AS HE WAS being prepped Friday for emergency, and ultimately unsuccessful, surgery for a ruptured aorta, Richard Holbrooke told his Pakistani surgeon,"You've got to stop the war in Afghanistan."

So Holbrooke's dying words, revealed by his family following his death on Monday, ran directly counter to the policy he had strenously pursued and defended as President Obama's representative for Afghanistan and Pakistan.

The tragic thing about it is that Holbrooke's deathbed declaration wasn't really shocking or even much of a surprise. Instead, it confirms what's become obvious: the Obama Administration is pushing ahead on a plan that it must know is a failure.

And should have known before last year when Obama doubled-down on the war, committing more troops to the conflict in a wild hope that doing more of what hadn't worked for eight years would somehow magically work in the ninth.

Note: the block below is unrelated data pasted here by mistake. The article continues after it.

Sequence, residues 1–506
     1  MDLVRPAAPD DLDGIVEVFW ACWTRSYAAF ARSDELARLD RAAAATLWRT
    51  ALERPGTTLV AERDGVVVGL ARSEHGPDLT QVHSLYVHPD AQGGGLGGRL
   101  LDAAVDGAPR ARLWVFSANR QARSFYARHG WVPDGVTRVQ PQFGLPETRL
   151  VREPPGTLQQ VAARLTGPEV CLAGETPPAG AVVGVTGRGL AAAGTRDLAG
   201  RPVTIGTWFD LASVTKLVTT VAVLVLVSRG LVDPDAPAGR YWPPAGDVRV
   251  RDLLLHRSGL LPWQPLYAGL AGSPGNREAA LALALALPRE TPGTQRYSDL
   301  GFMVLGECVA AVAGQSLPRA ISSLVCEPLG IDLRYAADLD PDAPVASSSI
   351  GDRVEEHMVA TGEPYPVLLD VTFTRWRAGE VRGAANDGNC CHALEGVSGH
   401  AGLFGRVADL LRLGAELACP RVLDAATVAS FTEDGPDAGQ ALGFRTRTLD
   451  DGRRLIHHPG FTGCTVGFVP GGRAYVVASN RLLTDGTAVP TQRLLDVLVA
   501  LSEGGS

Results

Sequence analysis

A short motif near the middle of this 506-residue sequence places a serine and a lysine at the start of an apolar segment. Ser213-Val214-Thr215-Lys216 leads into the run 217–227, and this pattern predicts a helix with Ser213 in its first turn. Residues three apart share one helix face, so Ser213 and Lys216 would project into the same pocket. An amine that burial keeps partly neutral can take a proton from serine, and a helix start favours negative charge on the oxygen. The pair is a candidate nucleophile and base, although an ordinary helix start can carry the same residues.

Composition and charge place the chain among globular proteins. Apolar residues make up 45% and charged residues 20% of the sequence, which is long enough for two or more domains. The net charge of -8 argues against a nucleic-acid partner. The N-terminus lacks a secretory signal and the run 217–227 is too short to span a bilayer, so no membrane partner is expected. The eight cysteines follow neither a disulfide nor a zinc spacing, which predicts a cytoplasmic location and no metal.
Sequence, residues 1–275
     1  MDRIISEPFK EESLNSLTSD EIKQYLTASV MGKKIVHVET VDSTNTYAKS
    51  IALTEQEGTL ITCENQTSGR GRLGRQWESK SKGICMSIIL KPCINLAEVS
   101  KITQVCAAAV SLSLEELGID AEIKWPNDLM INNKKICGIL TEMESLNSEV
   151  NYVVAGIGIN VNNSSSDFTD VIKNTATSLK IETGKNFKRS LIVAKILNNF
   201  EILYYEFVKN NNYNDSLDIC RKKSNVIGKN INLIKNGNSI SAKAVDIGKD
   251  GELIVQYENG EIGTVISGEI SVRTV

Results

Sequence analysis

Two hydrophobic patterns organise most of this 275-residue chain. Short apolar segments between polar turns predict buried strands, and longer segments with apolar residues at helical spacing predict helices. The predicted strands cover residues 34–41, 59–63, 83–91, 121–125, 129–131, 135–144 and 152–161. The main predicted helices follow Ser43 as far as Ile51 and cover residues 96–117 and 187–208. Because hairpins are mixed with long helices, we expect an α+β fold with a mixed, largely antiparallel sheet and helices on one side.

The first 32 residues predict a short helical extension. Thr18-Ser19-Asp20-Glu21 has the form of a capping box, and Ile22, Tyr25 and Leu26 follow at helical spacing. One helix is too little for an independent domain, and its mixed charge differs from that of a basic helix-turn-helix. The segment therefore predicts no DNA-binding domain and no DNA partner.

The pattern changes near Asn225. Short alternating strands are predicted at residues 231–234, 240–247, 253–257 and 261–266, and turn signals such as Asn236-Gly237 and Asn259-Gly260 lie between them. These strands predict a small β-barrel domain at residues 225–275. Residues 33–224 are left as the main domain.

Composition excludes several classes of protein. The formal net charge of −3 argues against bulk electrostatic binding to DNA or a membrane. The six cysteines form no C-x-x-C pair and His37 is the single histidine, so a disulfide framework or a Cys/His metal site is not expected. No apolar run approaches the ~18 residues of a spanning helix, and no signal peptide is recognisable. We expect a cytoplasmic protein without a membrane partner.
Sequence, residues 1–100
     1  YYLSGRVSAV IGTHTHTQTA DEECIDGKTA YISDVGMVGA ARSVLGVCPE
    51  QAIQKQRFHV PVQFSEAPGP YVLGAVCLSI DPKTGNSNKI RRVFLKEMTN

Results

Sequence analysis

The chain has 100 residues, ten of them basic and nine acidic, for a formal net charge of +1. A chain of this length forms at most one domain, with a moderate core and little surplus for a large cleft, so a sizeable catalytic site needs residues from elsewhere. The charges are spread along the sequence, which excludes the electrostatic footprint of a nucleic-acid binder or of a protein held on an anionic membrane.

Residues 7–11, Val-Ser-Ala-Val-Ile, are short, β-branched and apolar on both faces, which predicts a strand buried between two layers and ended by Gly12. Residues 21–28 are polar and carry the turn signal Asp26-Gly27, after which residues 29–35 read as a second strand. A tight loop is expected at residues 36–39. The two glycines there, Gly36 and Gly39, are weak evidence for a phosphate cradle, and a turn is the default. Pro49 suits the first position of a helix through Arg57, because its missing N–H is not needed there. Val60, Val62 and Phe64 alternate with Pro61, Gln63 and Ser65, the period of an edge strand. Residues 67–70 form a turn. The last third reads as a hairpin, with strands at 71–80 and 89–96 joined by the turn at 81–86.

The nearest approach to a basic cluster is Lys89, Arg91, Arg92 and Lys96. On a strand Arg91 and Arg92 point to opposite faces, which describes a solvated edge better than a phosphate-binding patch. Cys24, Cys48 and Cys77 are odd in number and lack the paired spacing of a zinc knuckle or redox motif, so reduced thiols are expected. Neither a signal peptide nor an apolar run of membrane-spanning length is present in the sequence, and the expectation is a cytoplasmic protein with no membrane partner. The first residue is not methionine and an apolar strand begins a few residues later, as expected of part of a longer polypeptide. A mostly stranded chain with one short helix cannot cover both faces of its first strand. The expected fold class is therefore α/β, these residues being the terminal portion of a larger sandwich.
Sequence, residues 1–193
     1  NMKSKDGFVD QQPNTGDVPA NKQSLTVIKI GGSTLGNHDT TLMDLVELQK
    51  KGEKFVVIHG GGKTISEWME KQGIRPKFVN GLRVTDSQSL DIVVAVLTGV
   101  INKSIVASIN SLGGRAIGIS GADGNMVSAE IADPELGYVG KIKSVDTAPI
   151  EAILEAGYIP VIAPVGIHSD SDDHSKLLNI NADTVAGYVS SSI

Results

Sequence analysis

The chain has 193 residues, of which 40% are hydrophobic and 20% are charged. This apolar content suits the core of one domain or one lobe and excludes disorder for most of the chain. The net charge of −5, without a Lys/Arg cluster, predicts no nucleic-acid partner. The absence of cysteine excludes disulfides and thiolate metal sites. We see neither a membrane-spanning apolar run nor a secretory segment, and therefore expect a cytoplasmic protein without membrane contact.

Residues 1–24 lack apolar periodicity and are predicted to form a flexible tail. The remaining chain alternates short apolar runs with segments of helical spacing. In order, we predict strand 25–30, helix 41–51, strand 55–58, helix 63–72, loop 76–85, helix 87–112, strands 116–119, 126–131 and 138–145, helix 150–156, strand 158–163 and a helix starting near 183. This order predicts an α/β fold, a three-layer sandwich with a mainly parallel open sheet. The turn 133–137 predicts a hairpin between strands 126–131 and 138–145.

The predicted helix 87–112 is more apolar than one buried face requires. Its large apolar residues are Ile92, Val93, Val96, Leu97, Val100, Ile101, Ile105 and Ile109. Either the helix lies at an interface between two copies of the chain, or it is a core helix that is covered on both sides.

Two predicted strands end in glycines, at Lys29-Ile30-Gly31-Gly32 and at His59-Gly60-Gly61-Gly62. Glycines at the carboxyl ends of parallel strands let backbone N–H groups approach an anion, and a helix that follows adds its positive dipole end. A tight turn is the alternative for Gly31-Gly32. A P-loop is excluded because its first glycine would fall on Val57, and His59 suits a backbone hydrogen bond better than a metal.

Holbrooke knew first hand what happens when governments refuse to acknowledge the truth - during the Vietnam War, he authored a section of the Pentagon Papers.

Reporter Bob Woodward wrote that Holbrooke didn't buy into the main rationale for being in Afghanistan: to keep Al Qaeda from establishing a "safe haven." Even if the Taliban were to regain control, he believed, Al Qaeda wouldn't leave its own "safe haven" in Pakistan.

And when pressed in a public forum in 2009 to define success in Afghanistan and Pakistan, Holbrooke said this: "In the simplest sense, we'll know it when we see it." Apparently, he never did.

In a bitter irony, tomorrow is the date scheduled for the "review" of the supposed "progress" in Afghanistan that the president promised last year.

Of course, the review isn't really a "review." It's already been decided that the U.S will stay until 2014. At least. And there's not much that can be labeled "progress," either; a National Intelligence Estimate released a few days ago found that NATO troops' efforts to provide security represent mere "inkspots" in a land controlled by the Taliban - and that the Afghan people don't want us there. (Not surprisingly, the military disputes the findings.)

It's up to ordinary Americans to ask the questions about Afghanistan, and question the answers. The Obama Administration doesn't seem to know disaster when it sees it. *